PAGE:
For the collar itself, I’m going to sew around the edges and turn right side out. We’ll be able to see the size and shape of the collar on Mr Sewaholic and make sure it looks good.

Press the collar. (Whoa, that’s a dirty looking ironing board! I swear it’s clean, just a little scorch-stained. One day I’ll recover it just so it looks prettier in photos…)

This is as far as I got before stopping to write it up. I was really hoping to get it all done before this post, but I’m glad I didn’t rush and sew sloppily.

Next steps are to add the collar stand to the neckline, set in the sleeves and sew the sideseams. The sleeve goes in before the sideseams, which makes it much easier to sew!

I made a few notes while I was working, here are a couple of tips and thoughts on this project!

Things I Learned:

  • Cutting is so important! It’s super noticeable on the gingham when pieces are slightly off-grain. Men’s clothing is very boxy and full of straight lines, so it’s important that all the lines are perfectly cut. Especially since I’m using a stripe fabric!
  • Gingham is a pretty cool fabric for muslins! I figured out my gingham is made up of 1/8″ checks, so pressing, stitching and marking are really easy. A 5/8″ seam allowance is 5 checks long! Pressing under seam allowances is super easy, just count the squares. Although, the cutting has to be spot-on for that to work…
  • Reading, while cutting, is pretty important too. I made a lot of silly cutting errors because of the complexity of this shirt pattern. A lot of the pieces say ‘Cut 1′ and I cut two, the grainlines aren’t always the way you expect, and there are a ton of interfacing pieces that need to be kept separate and not cut out of fabric.
  • If you have a complicated pattern, keep the pieces handy for reference. I found I was constantly referring to the pattern tissue for seam allowances, markings, and other reminders. Depending on your skill level, this is a good tip for any project. It even helps to see which way is up, where centre front is and check for markings you may have forgot to mark on your real fabric.
  • Too many shortcuts equals sloppy fit. Don’t be tempted (like I was) to skip pressing, interfacing and sewing the collar. All of these steps are important to get the fit right!

I am typing up the things I learned for two reasons – so I remember them for future, and so you can tackle men’s shirt muslins with confidence!

Time to finish up the muslin, then snag Mr Sewaholic and fit the muslin properly!

I have Shirtmaking by David Page Coffin as my reference book, since I’ve never fit anything on a man before. I’ve made men’s clothes before, in school, but they didn’t have to fit anybody specific. Does anyone have tips or suggestions on fitting for men? Leave a comment if you do!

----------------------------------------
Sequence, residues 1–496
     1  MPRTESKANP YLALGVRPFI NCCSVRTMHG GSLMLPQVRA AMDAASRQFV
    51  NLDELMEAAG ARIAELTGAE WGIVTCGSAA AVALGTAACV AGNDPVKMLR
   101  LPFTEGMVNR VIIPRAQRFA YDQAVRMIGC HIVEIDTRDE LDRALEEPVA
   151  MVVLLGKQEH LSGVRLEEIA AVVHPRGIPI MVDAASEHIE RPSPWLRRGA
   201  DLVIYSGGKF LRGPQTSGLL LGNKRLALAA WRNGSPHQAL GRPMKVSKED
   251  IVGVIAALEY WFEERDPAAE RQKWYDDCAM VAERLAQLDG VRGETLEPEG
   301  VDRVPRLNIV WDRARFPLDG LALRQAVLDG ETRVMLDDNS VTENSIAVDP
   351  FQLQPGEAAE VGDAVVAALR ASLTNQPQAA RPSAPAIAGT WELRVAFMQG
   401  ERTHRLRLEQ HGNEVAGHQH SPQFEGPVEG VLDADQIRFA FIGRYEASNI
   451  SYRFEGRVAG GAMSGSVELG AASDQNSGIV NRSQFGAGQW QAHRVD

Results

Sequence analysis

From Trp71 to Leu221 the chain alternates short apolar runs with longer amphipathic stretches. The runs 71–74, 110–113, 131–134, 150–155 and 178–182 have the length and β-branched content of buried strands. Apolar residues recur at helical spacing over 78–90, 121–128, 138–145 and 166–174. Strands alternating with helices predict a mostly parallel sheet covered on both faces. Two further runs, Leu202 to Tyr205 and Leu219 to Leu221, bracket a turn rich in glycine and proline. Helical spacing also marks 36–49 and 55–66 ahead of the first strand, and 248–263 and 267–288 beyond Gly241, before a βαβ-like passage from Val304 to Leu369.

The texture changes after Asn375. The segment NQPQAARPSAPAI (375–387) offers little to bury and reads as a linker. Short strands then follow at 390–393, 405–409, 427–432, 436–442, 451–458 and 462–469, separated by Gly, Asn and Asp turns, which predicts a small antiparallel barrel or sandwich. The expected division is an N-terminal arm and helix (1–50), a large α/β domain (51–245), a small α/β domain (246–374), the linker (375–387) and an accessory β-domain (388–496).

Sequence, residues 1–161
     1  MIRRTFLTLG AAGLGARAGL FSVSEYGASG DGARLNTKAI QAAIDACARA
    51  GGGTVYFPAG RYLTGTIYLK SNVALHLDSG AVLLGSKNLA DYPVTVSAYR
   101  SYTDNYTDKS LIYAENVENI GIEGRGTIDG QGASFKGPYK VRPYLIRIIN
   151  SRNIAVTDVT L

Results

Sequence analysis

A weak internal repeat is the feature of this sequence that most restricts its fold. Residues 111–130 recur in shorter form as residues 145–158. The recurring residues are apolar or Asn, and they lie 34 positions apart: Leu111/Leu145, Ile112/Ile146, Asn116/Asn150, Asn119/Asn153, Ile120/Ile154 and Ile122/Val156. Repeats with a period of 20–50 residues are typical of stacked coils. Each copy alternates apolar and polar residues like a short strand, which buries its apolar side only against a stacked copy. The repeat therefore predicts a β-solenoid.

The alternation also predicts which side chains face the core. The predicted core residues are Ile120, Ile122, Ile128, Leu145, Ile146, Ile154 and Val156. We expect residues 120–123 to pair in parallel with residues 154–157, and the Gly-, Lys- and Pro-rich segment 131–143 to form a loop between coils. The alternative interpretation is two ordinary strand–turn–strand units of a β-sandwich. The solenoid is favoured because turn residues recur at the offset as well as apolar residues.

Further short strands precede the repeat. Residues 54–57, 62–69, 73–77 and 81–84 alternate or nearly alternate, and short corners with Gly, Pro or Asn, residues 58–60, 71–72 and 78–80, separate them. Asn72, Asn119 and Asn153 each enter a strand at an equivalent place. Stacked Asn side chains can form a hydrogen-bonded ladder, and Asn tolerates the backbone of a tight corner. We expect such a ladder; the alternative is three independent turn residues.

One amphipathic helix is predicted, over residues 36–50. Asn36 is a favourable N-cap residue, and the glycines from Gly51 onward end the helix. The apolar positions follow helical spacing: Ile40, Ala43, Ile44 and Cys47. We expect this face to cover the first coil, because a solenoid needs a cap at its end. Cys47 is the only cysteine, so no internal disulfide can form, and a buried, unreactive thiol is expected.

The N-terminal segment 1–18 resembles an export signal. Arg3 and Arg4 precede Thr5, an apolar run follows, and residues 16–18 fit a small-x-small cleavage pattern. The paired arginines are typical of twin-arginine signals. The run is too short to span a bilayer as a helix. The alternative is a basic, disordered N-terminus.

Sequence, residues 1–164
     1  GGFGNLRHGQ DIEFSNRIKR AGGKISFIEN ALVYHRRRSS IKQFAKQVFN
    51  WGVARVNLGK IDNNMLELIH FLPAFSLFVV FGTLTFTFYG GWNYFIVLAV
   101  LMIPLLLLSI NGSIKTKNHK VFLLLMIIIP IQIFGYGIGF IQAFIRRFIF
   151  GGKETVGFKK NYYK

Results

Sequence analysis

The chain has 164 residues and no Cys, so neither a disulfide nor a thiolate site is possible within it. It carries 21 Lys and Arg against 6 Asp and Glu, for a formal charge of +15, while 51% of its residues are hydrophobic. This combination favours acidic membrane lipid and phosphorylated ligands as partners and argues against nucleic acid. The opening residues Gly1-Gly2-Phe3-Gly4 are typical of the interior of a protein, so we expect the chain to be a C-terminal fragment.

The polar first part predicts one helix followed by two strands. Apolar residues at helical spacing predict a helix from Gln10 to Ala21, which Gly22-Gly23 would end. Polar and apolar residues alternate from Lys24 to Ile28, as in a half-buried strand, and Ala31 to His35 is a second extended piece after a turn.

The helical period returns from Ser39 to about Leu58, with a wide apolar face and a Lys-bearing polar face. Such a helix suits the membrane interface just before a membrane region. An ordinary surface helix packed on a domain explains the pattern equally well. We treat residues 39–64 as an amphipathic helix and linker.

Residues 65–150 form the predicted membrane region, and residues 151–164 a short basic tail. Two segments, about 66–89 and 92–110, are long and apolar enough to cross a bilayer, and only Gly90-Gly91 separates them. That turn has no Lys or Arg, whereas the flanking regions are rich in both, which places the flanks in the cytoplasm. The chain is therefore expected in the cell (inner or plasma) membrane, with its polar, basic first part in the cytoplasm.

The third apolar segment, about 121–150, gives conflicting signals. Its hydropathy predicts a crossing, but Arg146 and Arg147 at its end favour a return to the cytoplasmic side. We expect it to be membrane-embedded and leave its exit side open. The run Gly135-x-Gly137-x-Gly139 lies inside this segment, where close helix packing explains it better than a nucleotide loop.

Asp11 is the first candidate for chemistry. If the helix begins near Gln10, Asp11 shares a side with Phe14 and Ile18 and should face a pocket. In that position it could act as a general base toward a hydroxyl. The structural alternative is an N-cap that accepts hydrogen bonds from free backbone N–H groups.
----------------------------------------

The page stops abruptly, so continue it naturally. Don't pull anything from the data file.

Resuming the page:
, , , , ,

14 Responses to Muslin-ing a Man’s Shirt: Part Two

  1. Tanit-Isis December 2, 2010 at 6:21 am #

    This is looking good! I recently ordered another shirt pattern to try out for my hubby (nothing wrong with the first one I made him, but it was more of a poet-shirt than a regular dress shirt). If it arrives soon I may be tempted to try it out before christmas :)

  2. Patty December 2, 2010 at 6:31 am #

    I totally stalled on Mr. Bug’s coat – working through samples at the shop – but I noticed that fitting on him is a lot like trying to figure out why Lucy (my basset hound) doesn’t feel well. It’s very difficult because he doesn’t ‘speak the language’ – i.e. I’m still not totally sure if the coat’s sleeves are too tight. The look good, the pass the pinch test… but he can’t tell me how they feel!

    Other than that – Dan’s a straight size 40, with legs on the short side. There’s SO much less pattern alteration to deal with – we tend to be more curvy than them!

  3. Elizabeth December 2, 2010 at 8:37 am #

    Enjoying your progress!

  4. Kristin December 2, 2010 at 8:40 am #

    I have a tip for you regarding the yoke. You can make another nice clean yoke sandwich for the front shoulder seams as well. You just have to roll up the entire shirt inside the yoke, then sandwich the seams together like you did for the back. Hope this is helpful! Great job on the muslin!

  5. Tasia December 2, 2010 at 8:48 am #

    @Kristin: Ooh, thanks for the tip!! That would be much easier than trying to land the edge of the yoke along the seamline perfectly. I followed the pattern instructions, but I’m definitely going to use your method for the real thing. Yay!

    @Tanit-Isis: Ah nice! If I don’t finish, I’m going to wrap up the work-in-progress and put it under the tree :) there’s not a lot of time!

    @Patty: I know, that’s what I’m afraid of too, that he won’t feel comfortable but won’t be able to explain exactly why and where it doesn’t feel right. Ah well! It’s a sewing adventure! I can always compare to his real dress shirts and see how close or far this muslin is..

  6. Dei December 2, 2010 at 9:47 am #